To supersede is to replace. We often use it when we talk about changing technology: “For many people, cell phones have completely superseded land lines.”
To surpass is to go beyond: “The Model 3 surpasses the Model 2 in features, quality, and value!”
This is wrong:
This router has superseded my expectations.
The writer meant that the router had surpassed her expectations, not that she had replaced her expectations with a router.
A “tautology” (Greek for “same thought”) is a statement that says the same thing in different words. “You used a tautology there because you said the same thing in different words”: that’s a tautology.
Tautologies are bad for three reasons:
1. They give us precisely no information.
2. They happen when you’ve lost the thread of your own argument.
3. They make people laugh at you.
Here’s a good example of a tautology:
The low market share of Windows Phone might be explained by a study by Bernstein Research that concluded that consumers don’t want Windows Phones.
Clearly, if the Windows Phone operating system has a low market share, that means that consumers don’t want it. To say that they don’t want it because they don’t want it is a tautology, and makes you look awfully silly.
Fare and fair both have bewilderingly numerous meanings.
Fair as an adjective means pale in complexion, or beautiful, or clear (when speaking of weather), or just—and that’s only the beginning. As a noun, it means an annual gathering of sellers, or an exposition (as, for example, a county fair, which is a bit of both). It is never a verb.
Fare is never an adjective. As a verb, it means to go or to do (well or badly). As a noun, it means the price you pay to be taken somewhere in a vehicle, or the stuff you eat.
The confusion usually comes with the verb fare. This is wrong:
The book faired better in the US, where reviewers appreciated Melville’s originality and complexity.
“Faired” should be “fared.” Remember that fair is never a verb: a book can fare well, but it can’t fair well.
From a can of ginger ale:
To those seeking fun and refreshment or performance-driven energy, Summit is the quality brand of colas and carbonated beverages that brings flavor and function to fit your lifestyle.
Who wants this text? Who do we think will be attracted by it? Do we imagine customers prowling through the supermarket, thinking to themselves, “I need a functional carbonated beverage, but one whose function fits my lifestyle”? Honestly, it would be better to print, “Hey, here’s something to drink!” You can bet that most of the people who would buy your colas and carbonated beverages are actually looking for something to drink.
The Editor has said it before, and he is not afraid to say it again: When you have nothing to say, don’t say anything.
Wikipedia, that infallible repository of everything we think we know, is also a treasury of mistakes in writing. Many of those problems come from the fact that articles can be edited by any account-holder who passes through, often with the result that an article contradicts itself. It seldom happens so baldly as it did here, in the article on onomatopoeia:
Onomatopoeia (as an uncountable noun) refers to the property of such words. Common occurrences of onomatopoeias include…
An “uncountable noun” is a noun that cannot be made plural. Yet in the very next sentence we have “onomatopoeias.”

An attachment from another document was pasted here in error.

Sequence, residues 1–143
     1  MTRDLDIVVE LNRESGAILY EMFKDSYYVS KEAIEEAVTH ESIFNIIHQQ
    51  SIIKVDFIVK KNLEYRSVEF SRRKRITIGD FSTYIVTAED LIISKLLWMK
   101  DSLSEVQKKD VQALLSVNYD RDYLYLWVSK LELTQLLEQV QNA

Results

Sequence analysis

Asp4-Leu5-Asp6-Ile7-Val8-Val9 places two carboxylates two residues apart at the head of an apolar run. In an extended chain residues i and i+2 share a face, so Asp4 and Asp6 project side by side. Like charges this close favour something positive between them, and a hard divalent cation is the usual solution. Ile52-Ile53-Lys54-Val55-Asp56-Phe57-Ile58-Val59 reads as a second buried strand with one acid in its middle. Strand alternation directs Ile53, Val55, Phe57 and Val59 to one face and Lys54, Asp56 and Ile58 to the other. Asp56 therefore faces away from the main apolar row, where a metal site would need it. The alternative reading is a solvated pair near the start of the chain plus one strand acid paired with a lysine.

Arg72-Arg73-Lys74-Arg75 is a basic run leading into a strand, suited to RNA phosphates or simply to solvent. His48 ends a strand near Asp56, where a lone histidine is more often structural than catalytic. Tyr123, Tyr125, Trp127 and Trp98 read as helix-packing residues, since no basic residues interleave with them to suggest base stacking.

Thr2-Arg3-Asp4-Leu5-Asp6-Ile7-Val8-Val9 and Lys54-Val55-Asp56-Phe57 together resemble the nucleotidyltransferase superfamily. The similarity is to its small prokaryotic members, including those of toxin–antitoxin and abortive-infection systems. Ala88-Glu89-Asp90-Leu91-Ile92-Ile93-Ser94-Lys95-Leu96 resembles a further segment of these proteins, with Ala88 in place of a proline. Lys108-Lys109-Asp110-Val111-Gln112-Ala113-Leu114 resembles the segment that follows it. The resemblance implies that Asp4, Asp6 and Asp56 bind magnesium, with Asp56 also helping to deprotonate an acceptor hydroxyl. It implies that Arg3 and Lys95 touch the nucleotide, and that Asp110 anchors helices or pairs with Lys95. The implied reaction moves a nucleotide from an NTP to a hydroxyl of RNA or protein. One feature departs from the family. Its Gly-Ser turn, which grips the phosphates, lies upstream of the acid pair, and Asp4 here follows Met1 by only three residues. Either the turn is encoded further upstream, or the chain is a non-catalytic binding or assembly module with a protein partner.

Wikipedia is a special case: its usefulness comes from aggregating the collective knowledge of the whole Internet. If you’re working on one project with a group of writers, however, somebody has to take charge at the end and make sure your separate contributions fit together. That somebody could be an editor, or—if you don’t have an editor in your office—one of the writers, chosen at random to give the project its final going-over. Your customer doesn’t want to have to act as referee between writers who can’t agree among themselves.
Sometimes designers make decisions that need to be overridden. And sometimes you are the designer yourself, and you need to look at your work from a distance and see why you’re making your readers miserable.
A popular Ubuntu blog recently changed its theme, so that all quotations are transformed to upper case:
We could probably argue with the designer for days about why it’s a bad idea to have large blocks of text in all upper case. We might be convincing, and we might not. Perhaps in the end it really is a matter of taste, and all the Editor can say is that he hates reading large blocks of upper case. He also dislikes the use of an opening quotation mark as a design element when there is no corresponding closing quotation mark.
But when it comes to code—in this case, Linux text commands—the result of this dubious design decision is an absolute catastrophe.
The problem, you see, is that Linux is case-sensitive. These commands need to be entered in lower case. Having gone through an HTML text-transform to upper case, they are now completely useless. They cannot be copied and pasted into a terminal.
Linux users who don’t understand the command-line interface will simply be baffled. Linux users who do understand it will either groan loudly and laboriously type each command, or paste the commands into a word processor and change the case, which is still far more effort than they should have to go through. (An even farther-out possibility is to find the code in the original HTML source for the page and copy it from there. Again, why should we have to bother?)
The simple moral is this: think about how your design decisions affect your readers. And be especially careful with code, or anything else that needs to be copied exactly. Don’t wreck it with clever formatting.